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Frame Relay is an example of a packet-switched technology. Packet-switched networks enable end stations to dynamically share the network medium and the available bandwidth. The following two techniques are used in packet-switching technology:
Variable-length packets are used for more efficient and flexible data transfers. These packets are switched between the various segments in the network until the destination is reached.
Statistical multiplexing techniques control network access in a packet-switched network. The advantage of this technique is that it accommodates more flexibility and more efficient use of bandwidth. Most of today's popular LANs, such as Ethernet and Token Ring, are packet-switched networks.
Frame Relay often is described as a streamlined version of X.25, offering fewer of the robust capabilities, such as windowing and retransmission of last data that are offered in X.25. This is because Frame Relay typically operates over WAN facilities that offer more reliable connection services and a higher degree of reliability than the facilities available during the late 1970s and early 1980s that served as the common platforms for X.25 WANs. As mentioned earlier, Frame Relay is strictly a Layer 2 protocol suite, whereas X.25 provides services at Layer 3 (the network layer) as well. This enables Frame Relay to offer higher performance and greater transmission efficiency than X.25, and makes Frame Relay suitable for current WAN applications, such as LAN interconnection.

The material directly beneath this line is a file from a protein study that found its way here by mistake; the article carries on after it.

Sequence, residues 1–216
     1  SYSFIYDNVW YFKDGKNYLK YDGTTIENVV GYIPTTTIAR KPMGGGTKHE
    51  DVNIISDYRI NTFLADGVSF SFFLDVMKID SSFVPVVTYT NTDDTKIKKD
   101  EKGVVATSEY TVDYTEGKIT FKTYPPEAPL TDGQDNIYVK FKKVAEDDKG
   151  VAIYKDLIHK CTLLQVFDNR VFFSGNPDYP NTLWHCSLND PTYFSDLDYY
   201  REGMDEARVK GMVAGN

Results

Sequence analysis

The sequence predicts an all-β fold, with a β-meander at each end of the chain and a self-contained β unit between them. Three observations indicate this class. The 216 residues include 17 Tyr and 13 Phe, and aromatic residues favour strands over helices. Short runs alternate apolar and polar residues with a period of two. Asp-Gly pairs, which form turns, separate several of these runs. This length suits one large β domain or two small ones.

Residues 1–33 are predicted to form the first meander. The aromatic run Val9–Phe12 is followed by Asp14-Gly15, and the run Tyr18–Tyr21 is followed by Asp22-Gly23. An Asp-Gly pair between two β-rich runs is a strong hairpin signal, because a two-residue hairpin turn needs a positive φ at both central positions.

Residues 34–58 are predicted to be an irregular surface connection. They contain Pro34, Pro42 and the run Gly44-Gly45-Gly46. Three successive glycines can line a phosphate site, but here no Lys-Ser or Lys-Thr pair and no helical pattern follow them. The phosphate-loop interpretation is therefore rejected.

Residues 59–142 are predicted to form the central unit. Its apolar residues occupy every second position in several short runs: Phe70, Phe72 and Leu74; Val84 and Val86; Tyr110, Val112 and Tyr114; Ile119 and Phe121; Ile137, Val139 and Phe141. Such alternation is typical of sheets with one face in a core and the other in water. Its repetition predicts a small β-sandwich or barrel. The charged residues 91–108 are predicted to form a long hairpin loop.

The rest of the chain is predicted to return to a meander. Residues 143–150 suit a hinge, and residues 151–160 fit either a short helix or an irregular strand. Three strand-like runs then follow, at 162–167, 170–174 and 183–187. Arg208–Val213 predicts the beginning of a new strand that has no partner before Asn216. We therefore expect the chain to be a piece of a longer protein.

Initial proposals for the standardization of Frame Relay were presented to the Consultative Committee on International Telephone and Telegraph (CCITT) in 1984. Because of lack of interoperability and lack of complete standardization, however, Frame Relay did not experience significant deployment during the late 1980s.